The Junction’s Struggle with COVID-19


We felt somewhere between frustrated, pissed off, and helpless…” – Leroy and Jane Perry, owners of The Junction

“It was nice to still have the option to get food from there, but it was not the same after Covid.” – Lynnette Deatte, Jay Town Clerk

Covid-19 has caused more than 60,000 small businesses to permanently close around the United States as of August. Many of these closures are because of lack of promised government grants that never came. Some small businesses though, like The Junction Restaurant in Troy, have managed to stay open without the help of a government grant, though the price of staying open in times like these has called for some regulations and guidelines to be adopted.

The Junction Restaurant, owned by Leroy and Jane Perry of Glover, opened its doors again on September 11th, 2017. Before Covid, running the restaurant required a lot of hard work by its employees and its owners put in lots of hours a week. When the Covid crisis hit, The Junction, the main source of income for the Perry family, went from a full service restaurant to a take-out window only overnight. They went from 17 employees down to 5, but they never closed the doors, and the town of Troy watched and waited for its beloved restaurant to get back on its feet.

In order for a small business to apply for a government grant, the business would need to lose 75% of its regular monthly revenue. The Junction’s worst month was a 49% loss. Because of this, they could not apply for a grant. From March 19th, 2020, until the governor allowed restaurants to open to 25% capacity for indoor dining, The Junction did strictly takeout. There was a lot of stress during these times. “It was very hard. The three employees working at a time were serving takeout to over 100 customers a day on average.” Says Jane Perry, owner of The Junction.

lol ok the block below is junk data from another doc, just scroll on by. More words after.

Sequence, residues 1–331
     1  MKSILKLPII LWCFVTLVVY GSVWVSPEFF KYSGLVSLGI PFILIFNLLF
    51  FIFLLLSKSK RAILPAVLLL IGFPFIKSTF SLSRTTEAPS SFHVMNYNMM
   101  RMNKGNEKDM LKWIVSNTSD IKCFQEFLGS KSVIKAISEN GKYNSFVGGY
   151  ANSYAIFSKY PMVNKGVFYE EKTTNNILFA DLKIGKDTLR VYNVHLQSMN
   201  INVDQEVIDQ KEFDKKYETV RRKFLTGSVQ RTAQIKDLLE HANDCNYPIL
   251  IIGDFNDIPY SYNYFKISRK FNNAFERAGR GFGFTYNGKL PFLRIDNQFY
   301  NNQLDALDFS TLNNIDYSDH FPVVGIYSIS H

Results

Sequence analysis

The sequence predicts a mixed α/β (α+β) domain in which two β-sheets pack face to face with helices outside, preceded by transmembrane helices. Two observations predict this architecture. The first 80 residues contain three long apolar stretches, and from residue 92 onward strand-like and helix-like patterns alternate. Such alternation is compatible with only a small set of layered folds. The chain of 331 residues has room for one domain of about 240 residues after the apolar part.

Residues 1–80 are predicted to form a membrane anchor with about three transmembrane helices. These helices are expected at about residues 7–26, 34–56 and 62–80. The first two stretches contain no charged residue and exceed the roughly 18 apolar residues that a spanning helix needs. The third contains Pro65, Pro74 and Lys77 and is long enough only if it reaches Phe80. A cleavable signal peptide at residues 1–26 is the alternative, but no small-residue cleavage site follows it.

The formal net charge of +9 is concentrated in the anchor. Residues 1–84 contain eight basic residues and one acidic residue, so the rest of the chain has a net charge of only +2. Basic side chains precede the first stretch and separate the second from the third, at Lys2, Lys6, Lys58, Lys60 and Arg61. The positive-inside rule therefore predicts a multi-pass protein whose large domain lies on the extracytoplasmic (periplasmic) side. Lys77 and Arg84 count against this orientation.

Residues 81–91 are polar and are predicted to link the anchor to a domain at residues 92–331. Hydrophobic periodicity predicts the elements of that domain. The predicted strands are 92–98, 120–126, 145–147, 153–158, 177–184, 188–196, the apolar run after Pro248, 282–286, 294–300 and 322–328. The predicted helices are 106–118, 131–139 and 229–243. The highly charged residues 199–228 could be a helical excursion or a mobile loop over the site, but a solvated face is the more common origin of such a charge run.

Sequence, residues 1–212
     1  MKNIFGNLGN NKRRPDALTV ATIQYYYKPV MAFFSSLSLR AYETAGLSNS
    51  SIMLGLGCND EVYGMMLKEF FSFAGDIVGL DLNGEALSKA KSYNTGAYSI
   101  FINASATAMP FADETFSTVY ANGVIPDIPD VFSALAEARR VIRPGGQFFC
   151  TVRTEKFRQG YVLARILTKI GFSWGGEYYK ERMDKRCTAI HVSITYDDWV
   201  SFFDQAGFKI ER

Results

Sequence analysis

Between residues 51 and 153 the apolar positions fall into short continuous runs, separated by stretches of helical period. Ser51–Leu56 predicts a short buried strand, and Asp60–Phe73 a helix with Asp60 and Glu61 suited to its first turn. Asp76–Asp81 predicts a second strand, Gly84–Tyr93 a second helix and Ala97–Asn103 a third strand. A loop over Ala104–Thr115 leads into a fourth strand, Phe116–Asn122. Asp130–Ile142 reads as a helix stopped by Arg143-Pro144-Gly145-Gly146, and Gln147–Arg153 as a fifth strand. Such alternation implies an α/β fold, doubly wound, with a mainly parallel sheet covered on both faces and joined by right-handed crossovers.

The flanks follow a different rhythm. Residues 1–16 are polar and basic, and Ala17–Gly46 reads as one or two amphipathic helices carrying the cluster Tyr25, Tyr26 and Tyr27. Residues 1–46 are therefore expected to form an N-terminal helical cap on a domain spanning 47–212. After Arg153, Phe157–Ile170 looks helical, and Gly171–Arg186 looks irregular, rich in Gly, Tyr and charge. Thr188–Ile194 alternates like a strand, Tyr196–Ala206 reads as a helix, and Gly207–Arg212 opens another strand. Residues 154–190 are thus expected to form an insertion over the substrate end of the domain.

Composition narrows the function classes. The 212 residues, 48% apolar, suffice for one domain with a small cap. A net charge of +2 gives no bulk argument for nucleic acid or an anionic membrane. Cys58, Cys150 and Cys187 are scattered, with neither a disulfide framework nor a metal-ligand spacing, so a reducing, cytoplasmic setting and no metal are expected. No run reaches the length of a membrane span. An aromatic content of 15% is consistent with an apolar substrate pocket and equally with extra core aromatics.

During this different and difficult style of business, the Vermont governor signed a new law, Act 69 of 2019, which banned the use of single use styrofoam and non compostable containers. While great for the environment, they are triple the cost of standard take-out containers, putting the cost to keep the restaurant running even higher. The employees are required to wear masks and gloves for 8 to 12 hour shifts almost every day. Employees were not allowed to let anyone inside of the building during takeout, which was a really big disconnect from the usual way of doing business. The employees didn’t get to see their regular customers.

Despite all of the negative effects of the Covid regulations, there were a few positive experiences the restaurant saw during the take-out only phase. Community members and friends got into the habit of buying each other gift certificates, and the local bank bought lunch for other local businesses in neighboring towns. People seemed to be going out of their way to help others in the difficult times that they were in. Things started to change when the governor allowed for the restaurant to open to 25% in house capacity, with restrictions of course. Tables had to be 6 feet apart, everything had to be frequently sanitized, single use menus and condiments, and a logbook of anyone who entered the building had to be taken. After a couple of months, they were able to increase their capacity to 50%, still with restrictions. This is how it stands today.

Thankfully, The Junction was very fortunate. Many other businesses around Vermont and all of the United States have had a much harder time than The Junction did. From a lack of or inability to do business and pay the bills, to not receiving government grants, to plenty of other reasons, many small businesses have sadly had to close their doors for good. The Junction was fortunate in that it never lost business entirely. They were just one of the lucky ones to have made it this far because of their loyal customers and their hard working employees despite the difficult times.